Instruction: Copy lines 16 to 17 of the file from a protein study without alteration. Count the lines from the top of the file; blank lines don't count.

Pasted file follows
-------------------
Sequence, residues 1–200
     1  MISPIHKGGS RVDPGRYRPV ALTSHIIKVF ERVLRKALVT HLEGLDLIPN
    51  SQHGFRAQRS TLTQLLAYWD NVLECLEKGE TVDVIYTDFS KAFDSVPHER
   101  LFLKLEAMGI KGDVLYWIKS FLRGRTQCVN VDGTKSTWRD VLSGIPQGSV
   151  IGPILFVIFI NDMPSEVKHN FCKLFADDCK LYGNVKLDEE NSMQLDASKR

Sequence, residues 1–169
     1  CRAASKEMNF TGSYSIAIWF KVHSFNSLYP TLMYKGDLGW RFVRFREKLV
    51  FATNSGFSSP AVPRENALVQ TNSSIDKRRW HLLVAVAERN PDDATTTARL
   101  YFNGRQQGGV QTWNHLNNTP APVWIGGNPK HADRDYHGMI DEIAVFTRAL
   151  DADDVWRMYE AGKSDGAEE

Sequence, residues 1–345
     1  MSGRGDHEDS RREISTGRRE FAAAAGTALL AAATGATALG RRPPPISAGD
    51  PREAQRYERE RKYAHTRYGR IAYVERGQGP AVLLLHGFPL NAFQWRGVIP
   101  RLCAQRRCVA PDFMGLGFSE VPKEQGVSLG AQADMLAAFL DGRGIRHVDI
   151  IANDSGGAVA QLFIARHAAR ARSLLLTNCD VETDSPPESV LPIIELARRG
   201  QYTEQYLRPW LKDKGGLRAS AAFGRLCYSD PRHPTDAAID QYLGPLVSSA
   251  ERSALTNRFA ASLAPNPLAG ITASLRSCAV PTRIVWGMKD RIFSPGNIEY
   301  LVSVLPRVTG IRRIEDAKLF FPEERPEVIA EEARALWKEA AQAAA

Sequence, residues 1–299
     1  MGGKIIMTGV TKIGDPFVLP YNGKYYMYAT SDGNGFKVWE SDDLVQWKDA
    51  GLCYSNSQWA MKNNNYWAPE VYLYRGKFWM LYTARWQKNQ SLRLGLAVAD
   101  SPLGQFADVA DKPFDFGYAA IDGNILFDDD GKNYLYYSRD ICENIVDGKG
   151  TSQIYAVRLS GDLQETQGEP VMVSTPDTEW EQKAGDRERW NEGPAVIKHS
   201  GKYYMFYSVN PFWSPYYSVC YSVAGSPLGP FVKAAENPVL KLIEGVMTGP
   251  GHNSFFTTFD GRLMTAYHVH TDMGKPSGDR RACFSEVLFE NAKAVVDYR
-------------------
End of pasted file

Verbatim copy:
   201  QYTEQYLRPW LKDKGGLRAS AAFGRLCYSD PRHPTDAAID QYLGPLVSSA
   251  ERSALTNRFA ASLAPNPLAG ITASLRSCAV PTRIVWGMKD RIFSPGNIEY